But what do each of these mean, and how can we, so to speak, take up the whole armour of God as the Church and as individual Christians. Paul begins his exhortation to the church with the belt of truth and so we begin there too. Understanding and claiming truth is an important step in our identity as a Church, though we have to be careful in what we mean by truth. For the Church the only truth which matters, the only truth which has bearing on our life together is the Truth revealed to us in the life, death and resurrection of Jesus Christ. In John’s Gospel, Jesus says he is the way, the truth and the life. Jesus is the Truth and therefore, for us to fasten the belt of truth is to allow for the life and teaching of Jesus to be the only influence in our life together as a Church. We need to hold fast to Christ, we need to recognize that it is in Christ we have renewed relationship with God, and it is in imitating Christ that we experience most fully what it means to be the Church. We need to forgive as Jesus forgave we need to care for the poor and marginalized just as Jesus did. This is what I think it means to fasten the belt of truth.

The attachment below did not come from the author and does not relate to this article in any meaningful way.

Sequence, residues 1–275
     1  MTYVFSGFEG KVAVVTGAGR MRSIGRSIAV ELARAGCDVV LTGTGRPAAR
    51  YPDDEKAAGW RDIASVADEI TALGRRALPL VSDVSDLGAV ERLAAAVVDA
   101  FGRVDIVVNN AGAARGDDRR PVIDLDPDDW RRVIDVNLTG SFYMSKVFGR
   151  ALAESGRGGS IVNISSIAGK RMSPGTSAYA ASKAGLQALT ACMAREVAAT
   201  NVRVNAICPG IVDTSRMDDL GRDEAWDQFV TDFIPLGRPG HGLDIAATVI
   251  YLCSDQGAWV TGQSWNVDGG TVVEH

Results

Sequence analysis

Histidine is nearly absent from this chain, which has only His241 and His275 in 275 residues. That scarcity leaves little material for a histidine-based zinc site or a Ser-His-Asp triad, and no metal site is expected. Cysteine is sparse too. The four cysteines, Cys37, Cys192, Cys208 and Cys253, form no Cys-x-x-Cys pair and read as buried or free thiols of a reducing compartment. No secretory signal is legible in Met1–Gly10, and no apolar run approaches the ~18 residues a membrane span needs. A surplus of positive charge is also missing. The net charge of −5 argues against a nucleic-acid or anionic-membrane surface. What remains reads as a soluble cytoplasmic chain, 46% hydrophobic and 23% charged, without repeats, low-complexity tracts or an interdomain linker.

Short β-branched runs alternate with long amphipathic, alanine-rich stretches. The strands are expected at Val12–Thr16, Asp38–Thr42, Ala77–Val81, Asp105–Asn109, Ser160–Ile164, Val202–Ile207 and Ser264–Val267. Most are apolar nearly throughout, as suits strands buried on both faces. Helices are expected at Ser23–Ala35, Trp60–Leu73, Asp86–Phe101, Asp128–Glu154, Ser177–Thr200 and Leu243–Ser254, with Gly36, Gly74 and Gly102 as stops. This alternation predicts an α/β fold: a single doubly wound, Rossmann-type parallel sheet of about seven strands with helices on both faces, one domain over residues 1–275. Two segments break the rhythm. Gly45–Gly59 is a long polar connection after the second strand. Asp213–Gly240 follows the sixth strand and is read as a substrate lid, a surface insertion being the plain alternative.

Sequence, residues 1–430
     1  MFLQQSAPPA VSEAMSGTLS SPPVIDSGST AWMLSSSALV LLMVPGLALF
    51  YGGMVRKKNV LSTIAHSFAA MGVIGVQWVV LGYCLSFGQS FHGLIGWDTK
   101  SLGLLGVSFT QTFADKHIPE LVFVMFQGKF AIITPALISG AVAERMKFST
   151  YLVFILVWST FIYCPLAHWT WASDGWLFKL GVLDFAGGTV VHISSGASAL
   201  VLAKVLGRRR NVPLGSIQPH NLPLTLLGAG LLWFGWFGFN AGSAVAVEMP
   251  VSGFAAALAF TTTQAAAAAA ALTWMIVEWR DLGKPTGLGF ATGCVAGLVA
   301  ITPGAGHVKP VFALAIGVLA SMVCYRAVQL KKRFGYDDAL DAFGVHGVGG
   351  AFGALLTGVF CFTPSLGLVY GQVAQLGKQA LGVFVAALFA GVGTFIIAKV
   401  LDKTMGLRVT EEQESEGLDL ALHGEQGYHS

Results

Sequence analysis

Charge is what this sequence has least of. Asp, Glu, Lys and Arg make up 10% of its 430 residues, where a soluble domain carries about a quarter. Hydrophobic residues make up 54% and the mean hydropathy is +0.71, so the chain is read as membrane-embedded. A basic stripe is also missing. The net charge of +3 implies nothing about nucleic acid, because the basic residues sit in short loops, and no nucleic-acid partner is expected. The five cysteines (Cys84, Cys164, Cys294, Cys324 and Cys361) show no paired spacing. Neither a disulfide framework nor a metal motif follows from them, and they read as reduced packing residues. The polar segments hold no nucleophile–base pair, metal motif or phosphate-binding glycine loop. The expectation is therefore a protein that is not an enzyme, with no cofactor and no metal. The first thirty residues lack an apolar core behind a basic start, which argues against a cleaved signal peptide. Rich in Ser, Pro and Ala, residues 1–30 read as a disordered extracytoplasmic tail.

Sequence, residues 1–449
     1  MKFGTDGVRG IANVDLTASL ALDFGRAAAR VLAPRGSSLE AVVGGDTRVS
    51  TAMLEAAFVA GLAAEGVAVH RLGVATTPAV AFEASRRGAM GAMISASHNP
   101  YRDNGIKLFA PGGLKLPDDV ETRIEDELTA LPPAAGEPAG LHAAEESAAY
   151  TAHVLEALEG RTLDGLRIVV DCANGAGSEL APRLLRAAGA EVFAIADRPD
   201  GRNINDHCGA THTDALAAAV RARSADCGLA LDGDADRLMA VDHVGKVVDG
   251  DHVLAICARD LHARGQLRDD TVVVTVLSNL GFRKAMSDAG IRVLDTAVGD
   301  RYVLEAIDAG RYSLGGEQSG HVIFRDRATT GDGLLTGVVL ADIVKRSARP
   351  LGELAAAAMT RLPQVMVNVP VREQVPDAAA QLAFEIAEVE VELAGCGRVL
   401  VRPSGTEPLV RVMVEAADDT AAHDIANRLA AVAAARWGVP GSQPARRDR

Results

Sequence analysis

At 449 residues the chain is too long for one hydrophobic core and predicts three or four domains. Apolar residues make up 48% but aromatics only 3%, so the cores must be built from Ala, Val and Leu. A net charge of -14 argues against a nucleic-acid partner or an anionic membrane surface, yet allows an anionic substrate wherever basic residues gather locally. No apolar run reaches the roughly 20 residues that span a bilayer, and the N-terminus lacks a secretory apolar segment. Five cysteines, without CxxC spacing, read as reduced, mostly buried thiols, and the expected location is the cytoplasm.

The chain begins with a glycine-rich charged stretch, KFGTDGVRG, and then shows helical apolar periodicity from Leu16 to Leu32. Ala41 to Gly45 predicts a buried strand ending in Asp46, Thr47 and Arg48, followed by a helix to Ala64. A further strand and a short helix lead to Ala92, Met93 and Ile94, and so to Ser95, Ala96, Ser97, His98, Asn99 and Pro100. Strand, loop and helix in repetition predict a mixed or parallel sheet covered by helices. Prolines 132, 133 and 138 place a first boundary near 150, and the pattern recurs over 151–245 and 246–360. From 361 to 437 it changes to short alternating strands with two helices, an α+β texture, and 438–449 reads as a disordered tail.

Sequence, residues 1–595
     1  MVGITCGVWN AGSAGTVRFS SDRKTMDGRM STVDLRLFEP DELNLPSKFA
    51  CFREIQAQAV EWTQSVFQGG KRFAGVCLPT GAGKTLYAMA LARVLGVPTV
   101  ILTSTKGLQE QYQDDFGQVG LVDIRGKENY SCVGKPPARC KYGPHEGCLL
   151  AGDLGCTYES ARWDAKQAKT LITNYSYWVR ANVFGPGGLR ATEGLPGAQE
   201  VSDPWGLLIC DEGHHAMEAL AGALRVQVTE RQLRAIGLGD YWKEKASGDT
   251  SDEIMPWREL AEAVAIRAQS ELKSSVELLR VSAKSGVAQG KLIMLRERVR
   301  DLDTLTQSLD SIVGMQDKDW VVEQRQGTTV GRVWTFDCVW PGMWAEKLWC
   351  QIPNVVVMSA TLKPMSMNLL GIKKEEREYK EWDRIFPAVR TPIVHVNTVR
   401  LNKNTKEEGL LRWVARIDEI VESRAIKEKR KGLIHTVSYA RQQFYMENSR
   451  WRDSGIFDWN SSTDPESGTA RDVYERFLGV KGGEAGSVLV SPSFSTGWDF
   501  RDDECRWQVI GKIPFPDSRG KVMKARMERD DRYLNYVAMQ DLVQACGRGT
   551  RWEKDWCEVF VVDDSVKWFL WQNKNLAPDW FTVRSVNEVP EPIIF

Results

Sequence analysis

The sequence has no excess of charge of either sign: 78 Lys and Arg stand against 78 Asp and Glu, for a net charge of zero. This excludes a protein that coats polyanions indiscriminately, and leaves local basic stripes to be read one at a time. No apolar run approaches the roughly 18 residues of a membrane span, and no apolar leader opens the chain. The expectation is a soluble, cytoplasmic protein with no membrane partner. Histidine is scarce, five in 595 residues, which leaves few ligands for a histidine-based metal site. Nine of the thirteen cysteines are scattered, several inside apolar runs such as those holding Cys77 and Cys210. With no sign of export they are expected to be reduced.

Paul continues by stating we need to put on the breastplate of righteousness. In Christ God has made us righteous, he has restored us and the Church to the right relationship with God: this is the breastplate of righteousness. As we strive to recognize the Lordship of God, as we strive to honour and glorify God in all that we do as Church we live into the righteousness that God has promised us.
Paul continues the armour metaphor by suggesting that for shoes we put on whatever allows us to preach the Gospel of peace. As a Church we need to remove obstacles that stop us from proclaiming the Gospel, we need to find ways to make it easy for us to share the Good News of peace which we have experienced in Christ. There is something quite encouraging for me in this statement, as we are called to do whatever makes it easiest for us to proclaim the Good News not to take on challenging strategies or programs that will help us evangelize, but rather to do the simple things. Actions as simple as letting your neighbours and friends know you are praying for them or as simple as going out of your way to help someone in need even in the littlest of things.